Base metals: Adding value since prehistoric age

Metallurgy is one of the oldest applied sciences with history dating back to 6000 BC. Seven metals known as the Metals of Antiquity, namely gold (6000 BC), copper (4200 BC), silver (4000 BC), lead (3500 BC), tin (1750 BC), smelted iron (1500 BC), and mercury (750 BC), were the metals upon which ancient human civilizations were based. Today, there more than 85 metals known to human beings. In chemistry, the term base metal informally refers to a metal that oxidizes or corrodes relatively easily, and reacts variably with diluted hydrochloric acid to form hydrogen. It is a common and inexpensive metal, as opposed to a precious metal. Chemical, physical and aesthetic properties of the metal make them the preferred ingredients in a wide range of domestic, industrial, and technological applications.

The Indian metal industry, endowed with huge deposits of natural resources in minerals like copper, chromite, iron ore, manganese, bauxite, and gold, got a major boost in the 1990s with the onset of liberalization and open-market policies. With larger investments and technological advances pouring in, output of the industry has increased and so has the quality of the products.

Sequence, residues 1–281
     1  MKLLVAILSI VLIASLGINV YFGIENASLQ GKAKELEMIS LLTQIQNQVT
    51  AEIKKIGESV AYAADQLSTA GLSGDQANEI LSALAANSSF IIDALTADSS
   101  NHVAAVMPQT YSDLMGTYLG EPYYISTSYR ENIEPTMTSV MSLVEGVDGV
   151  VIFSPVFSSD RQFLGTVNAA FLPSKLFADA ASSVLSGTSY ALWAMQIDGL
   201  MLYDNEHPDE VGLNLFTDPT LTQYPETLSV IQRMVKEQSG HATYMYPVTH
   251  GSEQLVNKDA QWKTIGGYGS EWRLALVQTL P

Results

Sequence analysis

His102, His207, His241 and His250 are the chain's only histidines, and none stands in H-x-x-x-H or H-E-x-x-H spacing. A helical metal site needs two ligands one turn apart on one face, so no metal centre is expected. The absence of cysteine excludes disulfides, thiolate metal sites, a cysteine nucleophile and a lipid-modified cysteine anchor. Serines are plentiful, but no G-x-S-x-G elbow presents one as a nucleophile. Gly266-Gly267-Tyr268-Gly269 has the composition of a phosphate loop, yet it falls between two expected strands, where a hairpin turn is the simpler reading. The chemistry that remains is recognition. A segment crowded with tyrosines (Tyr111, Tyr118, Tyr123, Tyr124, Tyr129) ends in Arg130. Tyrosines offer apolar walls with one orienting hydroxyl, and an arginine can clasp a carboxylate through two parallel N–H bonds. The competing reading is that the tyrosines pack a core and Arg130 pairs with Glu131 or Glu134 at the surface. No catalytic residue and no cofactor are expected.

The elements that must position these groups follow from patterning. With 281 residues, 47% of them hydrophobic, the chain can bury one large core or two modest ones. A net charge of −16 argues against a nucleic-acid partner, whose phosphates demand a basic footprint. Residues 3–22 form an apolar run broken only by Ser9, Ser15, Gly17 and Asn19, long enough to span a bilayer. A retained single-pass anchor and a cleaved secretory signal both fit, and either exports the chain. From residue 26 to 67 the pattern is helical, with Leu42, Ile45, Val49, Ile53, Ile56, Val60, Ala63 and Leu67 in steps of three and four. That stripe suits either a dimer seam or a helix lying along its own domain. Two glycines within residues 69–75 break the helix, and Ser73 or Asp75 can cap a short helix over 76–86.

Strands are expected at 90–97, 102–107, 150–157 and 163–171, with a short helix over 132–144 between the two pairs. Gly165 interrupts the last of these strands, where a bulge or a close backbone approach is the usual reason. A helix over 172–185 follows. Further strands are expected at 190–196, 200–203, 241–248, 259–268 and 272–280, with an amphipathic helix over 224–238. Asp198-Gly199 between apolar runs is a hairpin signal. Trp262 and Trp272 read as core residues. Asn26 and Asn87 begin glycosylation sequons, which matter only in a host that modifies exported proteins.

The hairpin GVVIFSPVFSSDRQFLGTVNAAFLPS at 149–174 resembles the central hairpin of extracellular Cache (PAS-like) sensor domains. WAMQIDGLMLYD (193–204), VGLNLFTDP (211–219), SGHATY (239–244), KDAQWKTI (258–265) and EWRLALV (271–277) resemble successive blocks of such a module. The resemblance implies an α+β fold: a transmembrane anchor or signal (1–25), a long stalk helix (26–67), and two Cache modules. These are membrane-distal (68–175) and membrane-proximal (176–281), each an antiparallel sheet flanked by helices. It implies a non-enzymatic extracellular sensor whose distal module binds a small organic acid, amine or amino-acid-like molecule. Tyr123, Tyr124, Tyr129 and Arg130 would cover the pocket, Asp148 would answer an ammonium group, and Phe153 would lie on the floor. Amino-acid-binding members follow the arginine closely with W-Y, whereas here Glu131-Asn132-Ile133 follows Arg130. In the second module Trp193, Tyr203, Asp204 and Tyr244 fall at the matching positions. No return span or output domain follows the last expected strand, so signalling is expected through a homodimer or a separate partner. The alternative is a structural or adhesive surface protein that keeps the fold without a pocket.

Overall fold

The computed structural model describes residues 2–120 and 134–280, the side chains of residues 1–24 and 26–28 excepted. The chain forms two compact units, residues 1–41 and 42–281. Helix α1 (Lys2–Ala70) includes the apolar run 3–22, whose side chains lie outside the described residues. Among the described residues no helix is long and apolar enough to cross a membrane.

Origin of the word metal: English word ‘metal’ is derived from old French word metal, metail that came from Latin metallum, and further from Greek metallon. The word meant “the stuff one is made of, one's character